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From Chris Hostetter <hossman_luc...@fucit.org>
Subject Re: what goes in CHANGES.txt
Date Mon, 09 Jul 2007 18:32:15 GMT

: I disagree that it needs to be in CHANGES.txt... advanced expert users
: will also use the source/javadoc (and creating ones own field types is
: definitely advanced).  Every public class and method in solr isn't
: equally part of the "public" API.

true, but classes like FieldType are specificly noted as extension
points...
http://wiki.apache.org/solr/SolrPlugins

...in general, any situatuation where we support dynamic loading of
class/interface impls is a situation where changes to that class/interface
should be documented in the CHANGES.txt because it affets people providing
their own impl ... new methods on abstract base classes are particularly
important because people upgrading won't notice any compilation errors,
and may then wonder why some features (which may have worked in the past)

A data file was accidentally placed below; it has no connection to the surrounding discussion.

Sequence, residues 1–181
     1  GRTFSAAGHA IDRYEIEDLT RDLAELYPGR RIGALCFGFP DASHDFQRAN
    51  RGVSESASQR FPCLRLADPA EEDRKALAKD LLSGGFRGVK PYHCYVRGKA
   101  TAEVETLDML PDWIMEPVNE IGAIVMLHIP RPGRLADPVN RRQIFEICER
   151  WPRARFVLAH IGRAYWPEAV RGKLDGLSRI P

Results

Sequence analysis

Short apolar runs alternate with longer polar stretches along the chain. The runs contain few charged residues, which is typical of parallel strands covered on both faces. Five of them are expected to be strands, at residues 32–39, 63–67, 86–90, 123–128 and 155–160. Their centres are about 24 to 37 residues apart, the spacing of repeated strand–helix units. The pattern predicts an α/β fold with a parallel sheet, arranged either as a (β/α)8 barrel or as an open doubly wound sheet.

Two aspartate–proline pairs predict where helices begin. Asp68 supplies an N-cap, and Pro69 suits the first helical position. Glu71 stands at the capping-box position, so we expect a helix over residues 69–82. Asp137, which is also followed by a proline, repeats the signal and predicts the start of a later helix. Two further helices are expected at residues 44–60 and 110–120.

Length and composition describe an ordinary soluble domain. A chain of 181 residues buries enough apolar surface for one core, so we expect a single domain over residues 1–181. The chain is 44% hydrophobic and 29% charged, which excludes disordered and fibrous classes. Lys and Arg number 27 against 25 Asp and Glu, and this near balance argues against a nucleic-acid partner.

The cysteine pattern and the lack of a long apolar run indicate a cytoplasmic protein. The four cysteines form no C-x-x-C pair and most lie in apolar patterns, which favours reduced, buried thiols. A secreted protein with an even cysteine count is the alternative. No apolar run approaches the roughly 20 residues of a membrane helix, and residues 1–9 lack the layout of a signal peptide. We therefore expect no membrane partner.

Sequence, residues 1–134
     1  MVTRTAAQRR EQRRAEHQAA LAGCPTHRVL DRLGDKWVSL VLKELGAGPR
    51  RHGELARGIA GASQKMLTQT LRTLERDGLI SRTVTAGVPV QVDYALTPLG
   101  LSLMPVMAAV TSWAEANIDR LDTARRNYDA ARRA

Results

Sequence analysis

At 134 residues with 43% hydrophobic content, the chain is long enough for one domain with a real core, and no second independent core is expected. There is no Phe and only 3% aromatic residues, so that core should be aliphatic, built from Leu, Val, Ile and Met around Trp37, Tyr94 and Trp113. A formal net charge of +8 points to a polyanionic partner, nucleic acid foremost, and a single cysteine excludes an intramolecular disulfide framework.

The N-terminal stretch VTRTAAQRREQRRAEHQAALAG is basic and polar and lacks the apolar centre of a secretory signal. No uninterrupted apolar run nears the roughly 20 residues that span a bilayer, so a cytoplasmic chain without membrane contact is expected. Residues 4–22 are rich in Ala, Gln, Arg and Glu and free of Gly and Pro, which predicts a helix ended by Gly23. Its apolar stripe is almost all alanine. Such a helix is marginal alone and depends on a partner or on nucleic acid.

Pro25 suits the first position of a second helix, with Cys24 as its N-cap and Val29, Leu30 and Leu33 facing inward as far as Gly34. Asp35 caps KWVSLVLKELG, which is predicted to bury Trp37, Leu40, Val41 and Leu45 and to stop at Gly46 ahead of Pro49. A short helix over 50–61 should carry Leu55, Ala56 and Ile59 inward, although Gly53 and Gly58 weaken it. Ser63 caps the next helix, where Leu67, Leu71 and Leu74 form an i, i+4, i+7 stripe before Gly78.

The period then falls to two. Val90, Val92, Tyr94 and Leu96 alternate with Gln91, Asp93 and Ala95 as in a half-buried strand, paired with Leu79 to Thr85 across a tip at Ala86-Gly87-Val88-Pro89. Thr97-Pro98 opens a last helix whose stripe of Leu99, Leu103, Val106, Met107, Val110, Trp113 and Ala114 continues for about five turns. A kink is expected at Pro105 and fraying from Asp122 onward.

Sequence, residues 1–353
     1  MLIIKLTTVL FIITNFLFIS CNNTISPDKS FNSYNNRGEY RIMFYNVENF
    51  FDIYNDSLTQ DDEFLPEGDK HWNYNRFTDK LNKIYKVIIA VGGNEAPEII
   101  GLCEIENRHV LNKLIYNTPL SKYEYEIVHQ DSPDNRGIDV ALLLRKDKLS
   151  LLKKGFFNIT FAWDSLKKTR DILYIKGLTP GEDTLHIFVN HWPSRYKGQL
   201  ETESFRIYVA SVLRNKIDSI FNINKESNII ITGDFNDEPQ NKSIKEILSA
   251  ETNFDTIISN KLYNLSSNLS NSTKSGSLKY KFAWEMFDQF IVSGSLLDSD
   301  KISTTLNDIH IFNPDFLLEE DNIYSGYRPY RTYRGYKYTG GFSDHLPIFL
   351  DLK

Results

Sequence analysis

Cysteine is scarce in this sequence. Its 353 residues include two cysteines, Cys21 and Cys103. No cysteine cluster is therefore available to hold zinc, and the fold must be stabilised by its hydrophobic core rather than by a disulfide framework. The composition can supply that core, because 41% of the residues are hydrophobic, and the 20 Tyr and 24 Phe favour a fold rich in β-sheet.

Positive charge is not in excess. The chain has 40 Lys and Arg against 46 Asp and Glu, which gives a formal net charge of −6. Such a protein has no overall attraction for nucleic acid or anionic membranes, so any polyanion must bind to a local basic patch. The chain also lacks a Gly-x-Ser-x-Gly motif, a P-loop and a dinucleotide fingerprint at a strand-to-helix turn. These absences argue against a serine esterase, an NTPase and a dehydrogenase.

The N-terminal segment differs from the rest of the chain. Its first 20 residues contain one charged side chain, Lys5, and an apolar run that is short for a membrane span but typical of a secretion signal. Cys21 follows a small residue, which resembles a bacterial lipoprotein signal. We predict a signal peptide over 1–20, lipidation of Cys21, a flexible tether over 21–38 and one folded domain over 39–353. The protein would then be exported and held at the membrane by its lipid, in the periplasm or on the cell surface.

no longer work with their custom class.

the FieldType.toObject example is a perfect case of this ... without
drawing atention to the fact that it was added to support "updateable"
documents people with their own custom FieldTypes might get really
confused as to why updating docs doesn't work for them

: If we added a more obscure method that didn't exist before (like
: getFirstMatch()), that wouldn't need to be added (it's noise to most
: users, doesn't change existing functionality, not accessible w/o
: writing Java code, and an advanced user can pull up the javadoc).

I agree ... but only because SOlrIndexSearcher isn't a class we expect
advanced users to subclass so providing a new impl that they dont' know
about doesn't affect them ... but in cases like
FieldType, RequestHandlerBase, or BaseTokenFilterFactory, etc.... then new
methods added to those classes that other parts of Solr rely on for new
functionality (or a new methodology for previously existing functionality)
should be documented someplace advanced users can find them without
needing to diff the javadocs between releases.




-Hoss


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